From: Krekoski Ross (firstname.lastname@example.org)
Date: Thu Feb 12 2009 - 22:53:34 MST
I find it hard to buy that quantum effects will not diverge two minds fairly
quickly, even if they are in a symmetrical room (Which as we've discussed
cannot be perfectly symmetrical in a real universe). There are two
possibilities-- either our brains are quantum computers or they're not. The
former possibility has no evidence aside from the odd circumstantial
observation, so we can ignore it. The latter possibility, that our brains do
not depend at all on any aspect of quantum mechanics and can be described in
purely classical terms I do take issue with. We require random input.
Thermodynamic "noise" is omnipresent. Quantum effects affect the precise
movements of thermodynamic noise in our brains. Even if our brain is
describable in classic terms, it is still a fairly chaotic system, and small
changes can affect things in a large way. Besides, add two beings into our
impossible symmetrical room, and a tiny divergence in motion for example
will, if the two entities are looking at each other, for example, lead to a
large discrepancy in input quite quickly-- even if the thermodynamic
background noise causes our hand to twitch slightly differently, this will
cause a rapid divergence in input. Especially when the two entities
communicate. You can't divorce the classical from the quantum.
Your statement about being reborn a million times a nanosecond is, I'm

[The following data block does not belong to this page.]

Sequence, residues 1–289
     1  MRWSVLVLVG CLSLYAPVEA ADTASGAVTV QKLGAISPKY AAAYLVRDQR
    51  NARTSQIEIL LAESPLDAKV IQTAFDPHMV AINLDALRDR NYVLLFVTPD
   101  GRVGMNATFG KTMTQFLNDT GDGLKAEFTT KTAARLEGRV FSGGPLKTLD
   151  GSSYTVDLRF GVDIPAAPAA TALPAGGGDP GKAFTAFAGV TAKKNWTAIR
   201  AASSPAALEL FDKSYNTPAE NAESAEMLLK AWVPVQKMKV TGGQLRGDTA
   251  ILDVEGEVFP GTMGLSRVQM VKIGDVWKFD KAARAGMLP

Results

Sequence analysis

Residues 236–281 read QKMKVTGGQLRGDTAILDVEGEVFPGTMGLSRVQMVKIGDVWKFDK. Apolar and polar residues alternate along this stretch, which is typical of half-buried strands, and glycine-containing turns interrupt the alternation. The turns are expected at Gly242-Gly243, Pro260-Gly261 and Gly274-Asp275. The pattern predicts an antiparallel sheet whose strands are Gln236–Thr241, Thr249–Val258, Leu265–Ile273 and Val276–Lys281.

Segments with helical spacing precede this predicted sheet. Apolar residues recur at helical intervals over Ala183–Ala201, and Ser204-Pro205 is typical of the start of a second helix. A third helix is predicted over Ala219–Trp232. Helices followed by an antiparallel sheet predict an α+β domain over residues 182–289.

assuming, tongue in cheek. Its the information structure that is important
(I might even be tempted to say that information is all that exists, but I'm
not claiming that per se). The information structure doesnt change since you
can't destroy information. This isn't an essentialist argument, I'm not
trying to describes the boundaries of a given living entity, but seeing it
in terms of information might be an interesting approach to try (Hofstadter,
has an interesting beginnings of such a framework).
> John K. Clark writes...
> Chaos is an interesting phenomenon but it does no apply to all complex
> things; generally small changes in starting conditions change one pseudo
> random pattern into a very different pseudo random pattern. It is much
> less a factor if logic is involved and probably intelligence in general.
> For example, calculating the first million digits of Pi is quite
> complex, and if just one digit in the sequence is wrong subsequent
> digits will be wrong too, but 2 computers will almost always produce the
> exact same sequence even if they operated at slightly different
> temperatures or even if they were made by different manufactures. It's
> hard to believe that if a nat farted in your third grade classroom you
> would have a different political philosophy today; I think it would take
> a very long time for chaos alone to make minds diverge.
> And if you insist that for you to survive every atom in your body must
> be identical down to the quantum level and every particle in those atoms
> be entangled in just the same way then you die and a new being is born
> about a million times a nanosecond. That really doesn't seem like a
> fruitful way to look at the
> matter to me.
> John K Clark
> John K Clark
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